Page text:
Established in 2009 by Marissa Chibás, Duende CalArts brings prominent and emerging Latinx and Latin American artists from the performance community to develop adventurous projects at CNP. It aims to expand aesthetic boundaries and performance discourse, collaborating with national and international Latinx artists and advancing multilingual works.
Scene with Cranes
El Camino Donde Nosotros Lloramos (The Road Where We Weep)
The Rest I Make Up
Finding Shelter, Documentary Film
El Acercamiento / The Approach
Shelter: Una obra sobre travesías (A play about journeys)
On Tour: Daughter of a Cuban Revolutionary
Duende’s inaugural production was the world premiere of Nobel laureate Octavio Paz’s epic poem, Piedra de Sol/Sunstone, directed and translated by Mexico City director, Maria Morett. It was performed in 2010 at CalArts and The Getty Villa. The second major project, Timboctou, was a co-production with the University of Guadalajara; the team of actors and designers were drawn from both Mexico and from CalArts Center for New Performance. This world premiere production, written by Mexican writer Alejandro Ricano and directed by Mexican director Martin Acosta, was presented at REDCAT in 2012 and at Teatro Experimental in Guadalajara, Mexico in 2012. Both productions were performed in Spanish and English. In the fall of 2012, Duende hosted a workshop of Mexican playwright Ximena Escalante’s bi-lingual Electra Despierta in collaboration with NYC director John Gould Rubin and his Private Theater Company.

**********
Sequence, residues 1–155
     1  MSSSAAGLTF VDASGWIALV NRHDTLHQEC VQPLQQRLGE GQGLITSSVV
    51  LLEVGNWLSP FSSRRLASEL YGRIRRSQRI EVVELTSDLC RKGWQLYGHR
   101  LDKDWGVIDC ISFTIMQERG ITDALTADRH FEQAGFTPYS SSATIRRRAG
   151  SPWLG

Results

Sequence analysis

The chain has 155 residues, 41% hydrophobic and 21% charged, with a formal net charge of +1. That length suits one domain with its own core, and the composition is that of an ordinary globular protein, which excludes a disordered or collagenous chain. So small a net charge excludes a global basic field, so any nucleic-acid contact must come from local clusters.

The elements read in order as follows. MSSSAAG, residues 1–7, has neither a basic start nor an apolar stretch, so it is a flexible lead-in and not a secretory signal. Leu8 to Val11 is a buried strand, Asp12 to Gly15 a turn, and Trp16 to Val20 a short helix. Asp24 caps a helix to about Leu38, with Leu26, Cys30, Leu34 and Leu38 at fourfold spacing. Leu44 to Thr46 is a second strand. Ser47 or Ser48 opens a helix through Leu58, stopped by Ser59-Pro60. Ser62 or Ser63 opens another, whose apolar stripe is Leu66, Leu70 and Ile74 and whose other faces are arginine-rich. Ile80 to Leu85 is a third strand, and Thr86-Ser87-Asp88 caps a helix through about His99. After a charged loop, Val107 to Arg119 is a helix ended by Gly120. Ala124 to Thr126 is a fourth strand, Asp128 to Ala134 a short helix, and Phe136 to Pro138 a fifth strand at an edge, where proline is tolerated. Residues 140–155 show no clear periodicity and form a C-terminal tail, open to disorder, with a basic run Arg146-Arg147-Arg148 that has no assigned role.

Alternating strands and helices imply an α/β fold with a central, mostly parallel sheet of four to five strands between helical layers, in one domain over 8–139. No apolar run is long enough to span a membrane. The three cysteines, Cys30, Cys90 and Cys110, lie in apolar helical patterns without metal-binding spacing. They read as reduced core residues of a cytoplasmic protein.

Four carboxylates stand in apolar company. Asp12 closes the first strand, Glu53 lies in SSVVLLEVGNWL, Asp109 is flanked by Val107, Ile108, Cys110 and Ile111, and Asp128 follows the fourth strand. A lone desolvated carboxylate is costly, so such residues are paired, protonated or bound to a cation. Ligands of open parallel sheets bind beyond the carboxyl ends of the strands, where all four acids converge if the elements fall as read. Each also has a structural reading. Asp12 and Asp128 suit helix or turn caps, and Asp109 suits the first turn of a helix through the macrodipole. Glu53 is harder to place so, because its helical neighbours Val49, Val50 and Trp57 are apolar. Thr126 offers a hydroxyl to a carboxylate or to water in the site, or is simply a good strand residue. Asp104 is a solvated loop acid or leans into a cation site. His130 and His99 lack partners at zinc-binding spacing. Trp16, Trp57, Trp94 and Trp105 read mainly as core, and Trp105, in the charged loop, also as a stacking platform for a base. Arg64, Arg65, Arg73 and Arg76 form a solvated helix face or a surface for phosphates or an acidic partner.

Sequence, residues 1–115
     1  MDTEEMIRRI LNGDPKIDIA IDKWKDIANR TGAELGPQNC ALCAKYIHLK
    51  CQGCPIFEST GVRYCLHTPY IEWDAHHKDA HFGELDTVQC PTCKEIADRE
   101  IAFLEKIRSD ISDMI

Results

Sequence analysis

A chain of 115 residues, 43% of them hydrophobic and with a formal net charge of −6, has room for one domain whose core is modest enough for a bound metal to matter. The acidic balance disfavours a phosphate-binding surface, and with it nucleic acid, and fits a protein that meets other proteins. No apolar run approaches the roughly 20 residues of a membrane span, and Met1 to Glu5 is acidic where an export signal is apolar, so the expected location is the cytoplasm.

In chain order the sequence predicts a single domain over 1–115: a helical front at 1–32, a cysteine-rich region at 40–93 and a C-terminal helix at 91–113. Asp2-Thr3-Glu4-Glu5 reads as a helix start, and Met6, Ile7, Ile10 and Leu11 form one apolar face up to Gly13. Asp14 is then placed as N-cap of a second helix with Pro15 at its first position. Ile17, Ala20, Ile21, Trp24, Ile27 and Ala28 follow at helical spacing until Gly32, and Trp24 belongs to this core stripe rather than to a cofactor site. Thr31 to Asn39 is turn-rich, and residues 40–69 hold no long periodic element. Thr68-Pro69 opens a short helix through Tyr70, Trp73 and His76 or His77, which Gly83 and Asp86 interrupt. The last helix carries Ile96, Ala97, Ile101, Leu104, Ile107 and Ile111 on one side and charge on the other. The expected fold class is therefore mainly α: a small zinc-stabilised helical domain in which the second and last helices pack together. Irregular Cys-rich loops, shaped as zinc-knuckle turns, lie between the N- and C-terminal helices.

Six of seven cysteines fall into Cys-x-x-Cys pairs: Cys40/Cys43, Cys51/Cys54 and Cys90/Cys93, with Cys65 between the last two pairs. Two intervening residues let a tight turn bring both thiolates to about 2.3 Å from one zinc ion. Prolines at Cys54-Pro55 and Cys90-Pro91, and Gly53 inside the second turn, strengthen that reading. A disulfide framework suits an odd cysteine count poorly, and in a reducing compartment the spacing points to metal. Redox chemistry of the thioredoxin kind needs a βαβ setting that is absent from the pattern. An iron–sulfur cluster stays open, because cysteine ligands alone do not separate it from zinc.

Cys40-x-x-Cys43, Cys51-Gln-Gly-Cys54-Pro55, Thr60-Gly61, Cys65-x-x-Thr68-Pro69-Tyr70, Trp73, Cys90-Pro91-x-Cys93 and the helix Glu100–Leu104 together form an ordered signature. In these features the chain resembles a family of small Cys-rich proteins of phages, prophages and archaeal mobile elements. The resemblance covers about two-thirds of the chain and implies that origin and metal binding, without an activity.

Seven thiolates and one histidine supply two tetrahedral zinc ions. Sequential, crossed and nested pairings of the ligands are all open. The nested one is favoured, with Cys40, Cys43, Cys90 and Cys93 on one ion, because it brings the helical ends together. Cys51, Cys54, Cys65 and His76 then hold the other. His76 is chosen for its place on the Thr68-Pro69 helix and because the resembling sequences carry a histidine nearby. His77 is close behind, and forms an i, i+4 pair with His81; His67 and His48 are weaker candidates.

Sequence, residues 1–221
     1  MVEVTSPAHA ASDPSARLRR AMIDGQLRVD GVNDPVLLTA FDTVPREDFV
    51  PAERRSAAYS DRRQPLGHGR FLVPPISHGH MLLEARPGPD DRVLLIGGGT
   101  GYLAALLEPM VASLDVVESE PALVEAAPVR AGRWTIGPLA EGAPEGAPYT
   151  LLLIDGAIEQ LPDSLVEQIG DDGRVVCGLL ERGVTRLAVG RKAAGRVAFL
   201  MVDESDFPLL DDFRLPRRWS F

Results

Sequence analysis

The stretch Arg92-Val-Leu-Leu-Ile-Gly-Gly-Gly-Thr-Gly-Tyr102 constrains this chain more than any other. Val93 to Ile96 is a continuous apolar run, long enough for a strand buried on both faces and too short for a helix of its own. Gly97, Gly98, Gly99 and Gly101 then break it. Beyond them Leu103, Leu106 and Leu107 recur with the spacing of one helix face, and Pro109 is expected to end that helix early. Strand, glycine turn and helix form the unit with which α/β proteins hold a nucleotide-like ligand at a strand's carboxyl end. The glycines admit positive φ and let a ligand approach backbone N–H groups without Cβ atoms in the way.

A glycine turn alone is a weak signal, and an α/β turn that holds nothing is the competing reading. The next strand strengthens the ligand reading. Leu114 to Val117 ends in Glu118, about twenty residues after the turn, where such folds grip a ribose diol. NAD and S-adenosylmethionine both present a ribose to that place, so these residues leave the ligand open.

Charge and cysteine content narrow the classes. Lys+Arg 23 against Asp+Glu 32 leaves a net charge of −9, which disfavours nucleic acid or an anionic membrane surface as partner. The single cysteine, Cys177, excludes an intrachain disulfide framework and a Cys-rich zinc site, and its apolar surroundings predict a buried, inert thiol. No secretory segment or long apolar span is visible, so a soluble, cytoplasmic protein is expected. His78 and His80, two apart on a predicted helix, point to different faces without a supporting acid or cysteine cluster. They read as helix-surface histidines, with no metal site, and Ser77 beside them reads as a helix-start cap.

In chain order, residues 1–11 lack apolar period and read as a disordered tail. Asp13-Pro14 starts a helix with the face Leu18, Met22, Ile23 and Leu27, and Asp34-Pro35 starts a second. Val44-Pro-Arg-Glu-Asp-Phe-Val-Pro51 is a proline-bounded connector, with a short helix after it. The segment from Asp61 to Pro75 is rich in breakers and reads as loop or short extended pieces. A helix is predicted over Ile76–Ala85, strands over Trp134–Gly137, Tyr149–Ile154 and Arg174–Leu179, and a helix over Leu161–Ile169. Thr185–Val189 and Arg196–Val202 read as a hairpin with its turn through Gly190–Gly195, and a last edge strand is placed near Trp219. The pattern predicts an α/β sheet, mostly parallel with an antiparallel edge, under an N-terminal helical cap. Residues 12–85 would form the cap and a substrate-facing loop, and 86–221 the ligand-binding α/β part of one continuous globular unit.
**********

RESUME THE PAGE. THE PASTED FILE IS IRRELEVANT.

In 2013 Duende presented L.A. Founding Families at CalArts and at the historic Pico House in downtown Los Angeles. Written by the ensemble, L.A. Founding Families focuses on the diverse communities who settled the city. Marissa Chibás, Theater School faculty and Director of Duende CalArts, developed the project. The Pico House incarnation included guest artists Roger Guenveur Smith and Tonantzin Carmelo and was directed by Marissa Chibás and Associate Artist Nataki Garrett. Additional participants in this project included teachers and historians from CalArts, El Pueblo de Los Angeles Historical Monument, TransArts, UCLA Department of History in the Schools, and faculty and high school students from the School of History and Dramatic Art, a public high school in Glassell Park.